Final wet weight gain and dry matter production of the Aristotle's lantern did not vary among treatments, indicating little or no variation in the growth rate of the lantern in response to large differences in dietary protein and carbohydrate content during the 9-wk study period. Although the size of the lantern did not vary among treatments, the relative size of the lantern (indexed to the size of the test with spines) did vary significantly with diet, primarily as a result of differences in test growth. These data indicate that growth rates of the test with spines increased directly with dietary protein, but the growth rates of the lantern did not, under the conditions of this study. Consequently, resource allocation to the test with spines varied with the quality of the diet (particularly protein), but resource allocation to the Aristotle's lantern remained constant, regardless of dietary quality.
In this study, specific nutrients affected resource allocation to the test and lantern in L. variegatus, inducing allometry in calcified tissues. Thus, allometry of calcified tissues in sea urchins appears to be influenced not only by the quantity of food available, but also by availability of specific nutrients. Future studies can use varying levels of specific nutrients proffered at varying rations to evaluate the effects of both food quality and quantity (including starvation) on modeling and remodeling of the calcareous tissues (test and lantern).
We thank Jeff Barry, Patty Waits Beasley, and the rest of the staff at the Texas AgriLIFE Research Mariculture Laboratory for providing technical support and facilities for this study. We thank Dorothy Moseley and Warren Jones for technical assistance. This report was prepared by S. A. W. under award NA07OAR4170449 from the University of Alabama at Birmingham, U.S. Department of Commerce. R. M. was funded through postdoctoral training grant T32 HL072757. The statements, findings, conclusions, and recommendations are those of the authors and do not necessarily reflect the views of NOAA or the U.S. Department of Commerce.
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LAURA E. HEFLIN, (1) * VICTORIA K. GIBBS, (2) MICKIE L. POWELL, (1) ROBERT MAKOWSKY, (3) ADDISON L. LAWRENCE (4) AND JOHN M. LAWRENCE (5)
(1) University of Alabama at Birmingham, Department of Biology, 1720 2nd Avenue South, CH 374, Birmingham, A L 35294; (2) Villanova University, 800 Lancaster A venue, Mendel Hall Rm G63C, Biology, Villanova, PA 19085; (3) FDA-Center for Biologics Evaluation and Research, 1401 Rockville Pike, HFM 210, Rockville, MD 20852; (4) Texas A & M University, AgriLife Research Mariculture Laboratory, 1300 Port Street, Port Aransas, TX 78343; (5) University of South Florida, Department of Integrative Biology, 4202 East Fowler Avenue, SCA 132, Tampa, FL 33620
* Corresponding author. E-mail: firstname.lastname@example.org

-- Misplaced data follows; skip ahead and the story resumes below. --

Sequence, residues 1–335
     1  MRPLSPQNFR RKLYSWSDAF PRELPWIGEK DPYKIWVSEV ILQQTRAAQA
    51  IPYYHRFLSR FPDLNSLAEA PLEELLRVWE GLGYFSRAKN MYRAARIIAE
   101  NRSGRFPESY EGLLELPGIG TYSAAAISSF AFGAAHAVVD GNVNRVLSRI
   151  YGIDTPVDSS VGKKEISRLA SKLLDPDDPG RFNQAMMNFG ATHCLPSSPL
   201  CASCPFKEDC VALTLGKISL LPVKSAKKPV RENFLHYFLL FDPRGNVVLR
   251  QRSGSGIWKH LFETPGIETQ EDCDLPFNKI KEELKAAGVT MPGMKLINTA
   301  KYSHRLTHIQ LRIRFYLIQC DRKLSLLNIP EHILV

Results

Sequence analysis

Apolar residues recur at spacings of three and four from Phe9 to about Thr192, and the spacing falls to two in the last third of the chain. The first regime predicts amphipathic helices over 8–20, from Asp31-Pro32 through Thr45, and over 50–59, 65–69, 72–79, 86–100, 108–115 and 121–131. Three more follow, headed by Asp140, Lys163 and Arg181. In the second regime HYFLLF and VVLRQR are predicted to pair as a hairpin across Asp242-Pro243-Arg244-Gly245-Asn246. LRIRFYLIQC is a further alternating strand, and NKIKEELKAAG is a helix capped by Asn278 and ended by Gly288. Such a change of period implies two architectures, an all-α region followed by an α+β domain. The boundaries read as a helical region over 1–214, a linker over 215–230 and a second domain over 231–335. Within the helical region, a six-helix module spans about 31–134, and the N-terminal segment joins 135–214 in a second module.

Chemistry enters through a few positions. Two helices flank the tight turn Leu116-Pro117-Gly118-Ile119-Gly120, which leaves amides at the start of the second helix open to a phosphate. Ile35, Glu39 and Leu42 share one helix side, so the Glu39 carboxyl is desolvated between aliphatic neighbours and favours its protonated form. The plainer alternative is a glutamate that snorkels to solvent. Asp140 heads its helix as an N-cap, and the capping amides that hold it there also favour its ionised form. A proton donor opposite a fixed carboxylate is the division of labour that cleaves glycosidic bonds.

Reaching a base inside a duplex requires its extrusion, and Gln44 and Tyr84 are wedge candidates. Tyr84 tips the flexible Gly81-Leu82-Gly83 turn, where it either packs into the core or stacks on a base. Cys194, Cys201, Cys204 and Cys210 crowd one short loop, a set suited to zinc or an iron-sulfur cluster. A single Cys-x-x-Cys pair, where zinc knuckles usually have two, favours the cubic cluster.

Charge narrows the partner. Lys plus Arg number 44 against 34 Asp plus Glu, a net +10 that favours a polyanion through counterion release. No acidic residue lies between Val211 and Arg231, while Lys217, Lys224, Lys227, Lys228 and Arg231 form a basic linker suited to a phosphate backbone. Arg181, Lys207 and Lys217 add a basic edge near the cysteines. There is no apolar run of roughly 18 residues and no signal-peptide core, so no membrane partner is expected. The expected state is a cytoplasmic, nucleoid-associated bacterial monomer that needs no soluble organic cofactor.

TABLE 1. Calculated protein (P) and carbohydrate (C) levels, total energy, protein:energy ratios, and protein:carbohydrate ratios in each of the 8 diets. Protein Carbohydrate Total Protein: Protein: (% dry (% dry Energy Energy Carbohydrate weight) weight) (cal/g) (mg P/kcal) (mg P:mg C) 36 21 3,749 95 1.7 28 30 3,299 76 0.93 19 21 2,783 68 0.90 19 30 3,130 60 0.63 19 39 3,478 54 0.49 12 21 2,380 50 0.57 12 30 2,727 44 0.40 12 39 3,075 39 0.31 TABLE 2. Proximate composition of the formulations used to produce diets varying in protein and carbohydrate levels. 12% 12% 12% 19% P:21% C P:30% C P:39% C P:21% C Crude protein (%) 12 12 12 19 Carbohydrate (%) 21 30 39 21 Fiber (%) 4.5 4.5 4.5 4.5 DE (%) 27 18 9 19 Non-DE ash (%) 24 24 24 24 Crude fat (%) 7 7 7 7 19% 19% 28% 36% P:30% C P:39% C P:30% C P:21% C Crude protein (%) 19 19 28 36 Carbohydrate (%) 30 39 30 21 Fiber (%) 4.5 4.5 4.6 4.6 DE (%) 10 1 0 0 Non-DE ash (%) 24 24 24 25 Crude fat (%) 7 7 7 7 All values are calculated, and on an as-fed basis. All diets contain up to 28% marine ingredients, 28.7% plant ingredients, 1.1 % carotenoids, 0.7% vitamin premix, 24% mineral mix, 7.2% binder, and antifungal-antioxidant agents. C, carbohydrate; DE, diatomaceous earth; P, protein. TABLE 3. Akaike information criterion scores for each growth model. Response P + C + Protein + Protein Variable (P X C) Carbohydrate (% dry weight) Test with spines wet 243.02 241.09 239.14 weight gain (g) Test with spines dry 150.94 148.94 146.97 matter production (g) Log (lantern/test with -70.58 -70.93 -72.91 spines index) Test diameter 298.36 287.40 285.40 increase (mm) Test percent 162.8 167.5 165.5 organic matter * Total Energy Response (cal/g dry P:E P:C Variable weight) (mg P/kcal) (mg P/mg C) Test with spines wet 250.10 241.35 245.26 weight gain (g) Test with spines dry 157.18 149.44 151.99 matter production (g) Log (lantern/test with -64.25 -69.92 -67.52 spines index) Test diameter 290.99 285.74 288.69 increase (mm) Test percent 177.2 173.65 182.14 organic matter * * For this response, all models included a quadratic term (protein in the multiple regression). Rows are the response variable; columns are the variables in the model. Scores are only comparable for models with the same response variable. All models within one information unit of the best model are in bold type, whereas the best model is in bold type and underlined. P+ C + (P X C) = Protein + Carbohydrate + (Protein X Carbohydrate). P:C, protein: carbohydrate ratio; P:E, protein:energy ratio; TE, total dietary energy. TABLE 4. Parameter estimates and tests of significance for various measures of Lytechinus variegatus growth models. Separate Effects Protein Carbohydrate (% dry (% dry Response Variable weight) weight) Test with spines wet 0.201 *** -- weight gain (g) Test with spines dry 0.085 *** -- matter production (g) Log (lantern/test with -0.011 *** -- spines index) ([dagger]) Lantern/total index -0.005 ** -- Diameter increase (mm) 0.19 *** -- Test percent organic 0.989 *** 0.162 * matter (quadratic term) (-0.015 ***) Spines percent -- -- organic matter Combined Effects Total energy Protein X (cal/g dry Response Variable Carbohydrate weight) Test with spines wet -- 0.0031 *** weight gain (g) Test with spines dry -- 0.0013 *** matter production (g) Log (lantern/test with -- -0.00017 *** spines index) ([dagger]) Lantern/total index -- -0.00007 * Diameter increase (mm) -- -- Test percent organic -0.01 * 0.013 ** matter (quadratic term) (-0.000002 *) Spines percent -- -- organic matter Combined Effects Protein: Protein: Energy Carbohydrate Response Variable (mg P/kcal) (mg P/mg C) Test with spines wet 0.089 *** 4.498 *** weight gain (g) Test with spines dry 0.037 *** 1.912 *** matter production (g) Log (lantern/test with -0.0049 *** -0.248 *** spines index) ([dagger]) Lantern/total index -0.0019 * -0.092 * Diameter increase (mm) 0.09 *** 3.29 *** Test percent organic 0.207 *** 4.08 * matter (quadratic term) (-0.0014 **) (-1.73 *) Spines percent 0.015 * -- organic matter ([dagger]) Parameters shown for this response are given in terms of the log scale of the lantern to test with spines index but can be converted for any dietary protein level (as a percentage) by using [e.sup.-0.011] x protein level. Only statistically significant terms (P < 0.05) are included (if an interaction was found to be significant, main effects were included regardless of associated P values). Associated P values for parameter estimates being significantly different than 0 are included as * P < 0.05, ** P < 0.01, and P < 0.001. C, carbohydrate; P, protein. TABLE 5. Mean values ([+ or -]SEM) at the end of the experiment for test with spines wet weight, test with spines wet weight gain, dry test with spines index, test with spines production test diameter increase, and test and spine organic matter of Lytechinus variegatus fed diets with varying protein and carbohydrate levels, protein:energy ratios (P:E), total energy (TE), and protein:carbohydrate ratios (P:C). P:E P:C Protein Carbohydrate (mg P/ TE (mg/ (%) (%) kcal) (cal/g) mg) 12 21 50.8 2,380 0.57 12 30 44.3 2,728 0.40 12 39 39.3 3,075 0.31 19 21 68.6 2,783 0.90 19 30 60.9 3,131 0.63 19 39 54.9 3,478 0.49 28 30 76.9 3,647 0.93 36 21 95.6 3,749 1.71 Final Wet Test with Wet Test Spines with Spines Protein Weight Weight (%) (g) Gain (g) 12 13.72 [+ or -] 0.69 6.87 [+ or -] 0.69 12 14.65 [+ or -] 0.57 7.80 [+ or -] 0.57 12 14.57 [+ or -] 0.65 7.72 [+ or -] 0.65 19 16.60 [+ or -] 0.68 9.75 [+ or -] 0.68 19 16.39 [+ or -] 0.90 9.54 [+ or -] 0.90 19 15.31 [+ or -] 0.41 8.46 [+ or -] 0.41 28 18.22 [+ or -] 0.97 11.37 [+ or -] 0.97 36 18.84 [+ or -] 0.57 11.99 [+ or -] 0.57 Dry Test Final Dry with Spines Test with Protein Production Spines (%) (g) Weight (g) 12 3.50 [+ or -] 0.33 7.19 [+ or -] 0.33 12 3.77 [+ or -] 0.24 7.46 [+ or -] 0.24 12 3.89 [+ or -] 0.33 7.58 [+ or -] 0.33 19 4.56 [+ or -] 0.29 8.26 [+ or -] 0.29 19 4.44 [+ or -] 0.36 8.14 [+ or -] 0.36 19 3.91 [+ or -] 0.25 7.60 [+ or -] 0.25 28 5.39 [+ or -] 0.42 9.08 [+ or -] 0.42 36 5.61 [+ or -] 0.25 9.31 [+ or -] 0.25 Final Test Test Diameter Protein Diameter Increase (%) (mm) (mm) 12 49.94 [+ or -] 0.97 11.19 [+ or -] 0.91 12 49.96 [+ or -] 0.97 11.74 [+ or -] 0.82 12 50.38 [+ or -] 0.78 12.23 [+ or -] 0.69 19 52.47 [+ or -] 0.84 14.39 [+ or -] 0.76 19 50.89 [+ or -] 0.67 12.80 [+ or -] 0.88 19 51.02 [+ or -] 1.78 12.63 [+ or -] 1.43 28 53.47 [+ or -] 0.68 15.47 [+ or -] 1.17 36 55.37 [+ or -] 0.82 16.30 [+ or -] 1.22 Test Organic Matter Protein (% dry (%) weight) 12 12.36 [+ or -] 0.34 12 12.78 [+ or -] 0.19 12 12.16 [+ or -] 0.28 19 14.26 [+ or -] 2.03 19 14.54 [+ or -] 0.42 19 14.01 [+ or -] 0.22 28 13.23 [+ or -] 0.24 36 13.51 [+ or -] 0.16 P:E represents milligram of protein per kilocalorie. TE represents total dietary energy in calories per gram. P:C represents protein: carbohydrate ratio in milligrams per milligram. Initial average wet test with spines weight was 6.85 [+ or -] 0.17 g. Initial average dry test with spines weight was 3.65 [+ or -] 0.33 g. TABLE 6. Mean ([+ or -] SEM) final lantern wet weight, lantern wet weight gain, lantern production, dry lantern/dry test with spines index of Lytechinus variegatus fed diets with varying protein and carbohydrate levels, protein:energy ratios (P:E), total dietary energy (TE), and protein:carbohydrate ratios (P:C). Protein Carbohydrate P:E TE P:C (%) (%) (mg P/kcal) (cal/gl) (mg/mg) 12 21 50.8 2,380 0.57 12 30 44.3 2,728 0.40 12 39 39.3 3,075 0.31 19 21 68.6 2,783 0.90 19 30 60.9 3,131 0.63 19 39 54.9 3,478 0.49 28 30 76.9 3,647 0.93 36 21 95.6 3,749 1.71 Final Wet Wet Lantern Protein Lantern Weight (%) Weight (g) Gain (g) 12 1.07 [+ or -] 0.09 0.34 [+ or -] 0.09 12 1.19 [+ or -] 0.05 0.45 [+ or -] 0.05 12 1.17 [+ or -] 0.05 0.43 [+ or -] 0.05 19 1.17 [+ or -] 0.05 0.43 [+ or -] 0.05 19 1.19 [+ or -] 0.07 0.45 [+ or -] 0.07 19 1.04 [+ or -] 0.08 0.30 [+ or -] 0.07 28 1.09 [+ or -] 0.05 0.35 [+ or -] 0.05 36 1.16 [+ or -] 0.05 0.43 [+ or -] 0.05 Final Dry Lantern Dry Protein Lantern Matter (%) Weight (g) Production (g) 12 0.64 [+ or -] 0.05 0.22 [+ or -] 0.05 12 0.67 [+ or -] 0.01 0.25 [+ or -] 0.01 12 0.69 [+ or -] 0.02 0.27 [+ or -] 0.02 19 0.69 [+ or -] 0.02 0.27 [+ or -] 0.02 19 0.71 [+ or -] 0.03 0.29 [+ or -] 0.03 19 0.63 [+ or -] 0.05 0.21 [+ or -] 0.05 28 0.64 [+ or -] 0.04 0.22 [+ or -] 0.04 36 0.66 [+ or -] 0.32 0.24 [+ or -] 0.32 Protein Lantern (%) Index (%) 12 8.93 [+ or -] 0/60 12 9.04 [+ or -] 0.22 12 9.20 [+ or -] 0.30 19 8.43 [+ or -] 0.47 19 8.72 [+ or -] 0.27 19 8.33 [+ or -] 0.67 28 7.08 [+ or -] 0.40 36 7.12 [+ or -] 0.31 P:E represents milligram of protein per kilocalorie. TE represents total dietary energy in calories per gram. P:C represents protein:carbohydrate ratio in milligrams per milligram. Initial average lantern wet weight was 0.74 [+ or -] 0.04 g. Initial average lantern dry weight was 0.64 [+ or -] 0.05 g.